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A Child’s ADHD Can Stress Your Marriage

Perhaps not surprisingly, research published last year showed that more marriages ended in divorce when the parents had a child diagnosed with attention deficit disorder (ADHD). The statistic researchers found is eye-opening — such marriages end in divorce at nearly double the rate than marriages that don’t have a child with ADHD. Any mental disorder diagnosed in a child is likely to put additional stress on a marriage. The Washington Post has the story:

While 12.6 percent of the parents of children without ADHD were divorced by the time the children were 8 years old, the figure was 22.7 percent for parents of kids with ADHD. Couples with ADHD kids also tended to reach the point of divorce or separation faster.

“We have known for a long time that kids can be stressful for their parents. What we show is they can be really stressful and can lead to marital dissatisfaction and divorce,” said Pelham, who works at the State University of New York at Buffalo. “What it means is ADHD should not be treated without involving the parents in the treatment.”

A long-term relationship such as a marriage is already faced with many obstacles and stressors. Having a child with a diagnosed mental disorder such as ADHD can seem to cause an already-fragile marriage to be pushed over the edge.

This article describes some of the research that’s been done that looks at the connection between ADHD and marital relationships.

In one of the experiments, the researcher videotaped interactions between parents with difficult children and non-difficult children:

Regardless of whether they had children with ADHD, […] the parents asked to work with difficult children were four times as likely to exchange negative criticism and questions, or to ignore each other and trade nonverbal barbs, than the parents in the other group.

And regardless of whether they were dealing with easy or difficult children, parents who had ADHD children at home were three times as likely to be negative toward each other as parents who did not. Put another way, the parents of children with ADHD simply had less ability to respond to challenges with equanimity; they appeared to be psychologically worn thin.

The answer isn’t just in a bottle of Adderall (although it may be a part of the answer). I know I’ve said this before, but parents would help themselves by learning behavioral techniques to help deal with a child with ADHD when the stimulants are wearing off and more can’t be given (e.g., because it’s too close to bedtime). Just because the GP doesn’t prescribe psychotherapy doesn’t mean you can’t seek it out on your own to learn such valuable parenting skills. They are readily taught and take only a few sessions to start picking up and using.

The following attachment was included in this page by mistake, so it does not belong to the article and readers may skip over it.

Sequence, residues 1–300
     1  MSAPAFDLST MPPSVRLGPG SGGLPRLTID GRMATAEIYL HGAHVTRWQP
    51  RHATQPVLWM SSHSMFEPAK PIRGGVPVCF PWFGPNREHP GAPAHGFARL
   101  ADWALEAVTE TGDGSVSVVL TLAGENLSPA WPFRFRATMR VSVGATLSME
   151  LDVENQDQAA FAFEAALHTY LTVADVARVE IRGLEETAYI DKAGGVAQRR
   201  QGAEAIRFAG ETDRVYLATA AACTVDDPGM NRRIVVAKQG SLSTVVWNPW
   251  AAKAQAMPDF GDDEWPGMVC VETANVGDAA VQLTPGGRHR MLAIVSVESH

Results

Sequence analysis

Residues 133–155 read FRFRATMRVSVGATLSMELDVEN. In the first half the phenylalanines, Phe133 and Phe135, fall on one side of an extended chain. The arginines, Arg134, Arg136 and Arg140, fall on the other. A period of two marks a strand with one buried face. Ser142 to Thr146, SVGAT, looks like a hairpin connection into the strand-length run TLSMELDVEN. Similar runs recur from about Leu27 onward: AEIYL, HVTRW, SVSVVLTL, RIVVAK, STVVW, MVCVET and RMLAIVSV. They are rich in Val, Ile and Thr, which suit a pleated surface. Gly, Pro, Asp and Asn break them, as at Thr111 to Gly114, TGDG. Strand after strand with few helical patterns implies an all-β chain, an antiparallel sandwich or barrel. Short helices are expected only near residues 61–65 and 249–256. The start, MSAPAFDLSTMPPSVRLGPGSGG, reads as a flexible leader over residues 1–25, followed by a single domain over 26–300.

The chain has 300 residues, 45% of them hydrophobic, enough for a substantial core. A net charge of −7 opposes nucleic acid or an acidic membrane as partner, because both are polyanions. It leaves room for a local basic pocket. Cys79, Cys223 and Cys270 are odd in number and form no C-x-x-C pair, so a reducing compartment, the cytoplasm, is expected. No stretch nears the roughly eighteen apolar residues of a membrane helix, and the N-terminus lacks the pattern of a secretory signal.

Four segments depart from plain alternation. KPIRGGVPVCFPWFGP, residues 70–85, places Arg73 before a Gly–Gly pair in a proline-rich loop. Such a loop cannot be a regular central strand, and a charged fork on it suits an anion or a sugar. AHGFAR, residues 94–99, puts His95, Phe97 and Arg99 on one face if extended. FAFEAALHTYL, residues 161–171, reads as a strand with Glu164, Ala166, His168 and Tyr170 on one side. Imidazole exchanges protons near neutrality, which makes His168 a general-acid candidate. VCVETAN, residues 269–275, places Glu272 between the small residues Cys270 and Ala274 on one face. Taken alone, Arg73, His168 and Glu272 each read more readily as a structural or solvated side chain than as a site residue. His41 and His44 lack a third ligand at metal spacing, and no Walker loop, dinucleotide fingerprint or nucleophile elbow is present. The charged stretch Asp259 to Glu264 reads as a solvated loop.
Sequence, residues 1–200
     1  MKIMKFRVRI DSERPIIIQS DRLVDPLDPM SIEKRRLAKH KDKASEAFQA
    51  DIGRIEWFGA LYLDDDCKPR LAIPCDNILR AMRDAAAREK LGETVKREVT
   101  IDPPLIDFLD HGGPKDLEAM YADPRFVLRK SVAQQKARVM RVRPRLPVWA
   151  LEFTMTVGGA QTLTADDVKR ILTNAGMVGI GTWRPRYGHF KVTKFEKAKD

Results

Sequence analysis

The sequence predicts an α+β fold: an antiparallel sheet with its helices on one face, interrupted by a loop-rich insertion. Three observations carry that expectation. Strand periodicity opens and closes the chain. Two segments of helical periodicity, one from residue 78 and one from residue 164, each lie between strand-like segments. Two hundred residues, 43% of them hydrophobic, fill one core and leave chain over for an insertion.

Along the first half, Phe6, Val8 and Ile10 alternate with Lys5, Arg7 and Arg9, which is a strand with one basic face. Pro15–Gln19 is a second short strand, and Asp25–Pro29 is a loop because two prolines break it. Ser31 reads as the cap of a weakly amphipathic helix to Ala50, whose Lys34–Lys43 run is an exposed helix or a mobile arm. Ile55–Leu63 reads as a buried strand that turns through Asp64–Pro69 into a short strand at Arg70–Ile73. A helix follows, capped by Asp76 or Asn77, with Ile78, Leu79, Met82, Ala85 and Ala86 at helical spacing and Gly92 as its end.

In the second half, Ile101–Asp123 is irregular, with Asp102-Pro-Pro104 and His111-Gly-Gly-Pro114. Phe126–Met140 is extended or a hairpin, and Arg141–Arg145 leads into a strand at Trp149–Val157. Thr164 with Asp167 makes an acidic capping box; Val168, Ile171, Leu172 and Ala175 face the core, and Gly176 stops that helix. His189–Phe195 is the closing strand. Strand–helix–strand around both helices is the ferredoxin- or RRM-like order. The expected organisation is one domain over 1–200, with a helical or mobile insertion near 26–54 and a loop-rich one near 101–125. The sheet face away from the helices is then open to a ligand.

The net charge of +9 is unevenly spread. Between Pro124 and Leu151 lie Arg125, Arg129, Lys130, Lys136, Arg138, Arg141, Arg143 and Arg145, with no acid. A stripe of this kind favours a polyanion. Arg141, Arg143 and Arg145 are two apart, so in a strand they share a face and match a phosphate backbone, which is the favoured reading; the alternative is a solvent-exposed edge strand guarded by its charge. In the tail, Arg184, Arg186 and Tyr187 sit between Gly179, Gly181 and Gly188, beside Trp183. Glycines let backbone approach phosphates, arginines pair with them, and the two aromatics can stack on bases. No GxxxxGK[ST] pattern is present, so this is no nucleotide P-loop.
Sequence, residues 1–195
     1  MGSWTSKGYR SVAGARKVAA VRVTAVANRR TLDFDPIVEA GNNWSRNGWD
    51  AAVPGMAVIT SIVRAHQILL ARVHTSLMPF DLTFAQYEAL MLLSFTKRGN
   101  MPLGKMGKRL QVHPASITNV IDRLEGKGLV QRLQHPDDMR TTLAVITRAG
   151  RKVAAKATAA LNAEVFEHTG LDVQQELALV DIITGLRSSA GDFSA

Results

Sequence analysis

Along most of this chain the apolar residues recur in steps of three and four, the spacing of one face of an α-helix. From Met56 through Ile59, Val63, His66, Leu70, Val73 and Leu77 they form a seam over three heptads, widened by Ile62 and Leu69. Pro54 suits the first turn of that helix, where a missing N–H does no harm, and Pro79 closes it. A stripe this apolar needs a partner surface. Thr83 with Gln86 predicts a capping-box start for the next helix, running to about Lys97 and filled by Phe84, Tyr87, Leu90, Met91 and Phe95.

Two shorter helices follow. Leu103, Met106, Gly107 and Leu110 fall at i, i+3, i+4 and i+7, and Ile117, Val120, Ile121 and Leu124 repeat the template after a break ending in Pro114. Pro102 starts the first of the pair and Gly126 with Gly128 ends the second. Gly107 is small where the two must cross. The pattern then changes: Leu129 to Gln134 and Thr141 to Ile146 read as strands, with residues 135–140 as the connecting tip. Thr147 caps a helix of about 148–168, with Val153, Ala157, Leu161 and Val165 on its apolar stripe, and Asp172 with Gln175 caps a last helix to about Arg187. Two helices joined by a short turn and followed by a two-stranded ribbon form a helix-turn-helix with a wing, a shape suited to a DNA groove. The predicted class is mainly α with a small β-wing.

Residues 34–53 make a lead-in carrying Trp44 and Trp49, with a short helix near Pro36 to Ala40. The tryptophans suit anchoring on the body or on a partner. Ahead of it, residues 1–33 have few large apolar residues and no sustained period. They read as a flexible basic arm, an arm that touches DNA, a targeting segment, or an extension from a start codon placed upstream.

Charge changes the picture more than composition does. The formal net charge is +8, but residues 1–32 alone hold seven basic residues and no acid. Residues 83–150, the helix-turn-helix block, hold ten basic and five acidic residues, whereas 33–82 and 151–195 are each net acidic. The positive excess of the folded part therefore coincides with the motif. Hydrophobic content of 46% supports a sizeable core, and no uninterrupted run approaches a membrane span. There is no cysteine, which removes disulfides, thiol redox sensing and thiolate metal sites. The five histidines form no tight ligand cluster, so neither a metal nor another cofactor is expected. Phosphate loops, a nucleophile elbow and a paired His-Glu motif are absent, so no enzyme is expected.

Every child should come with a parenting handbook. However, since they don’t, it’s up to parents to learn these things on their own if they want to keep their relationship as stress-free and healthy as possible. Divorce is by no means an inevitable outcome (despite the statistics), with or without a child who has been diagnosed with attention deficit disorder. But a parent must rise to the challenge, and be prepared to work not only on helping their child with ADHD, but also on their own marital relationship.

Read the full article: Marriages Suffer Under Stress of Raising Child With ADHD, Study Finds (free registration required)

A Child’s ADHD Can Stress Your Marriage

John M. Grohol, Psy.D.

Dr. John Grohol is the founder of Psych Central. He is a psychologist, author, researcher, and expert in mental health online, and has been writing about online behavior, mental health and psychology issues since 1995. Dr. Grohol has a Master's degree and doctorate in clinical psychology from Nova Southeastern University. Dr. Grohol sits on the editorial board of the journal Computers in Human Behavior and is a founding board member of the Society for Participatory Medicine. You can learn more about Dr. John Grohol here.

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APA Reference
Grohol, J. (2018). A Child’s ADHD Can Stress Your Marriage. Psych Central. Retrieved on October 30, 2020, from
Scientifically Reviewed
Last updated: 8 Jul 2018 (Originally: 6 Mar 2009)
Last reviewed: By a member of our scientific advisory board on 8 Jul 2018
Published on Psych All rights reserved.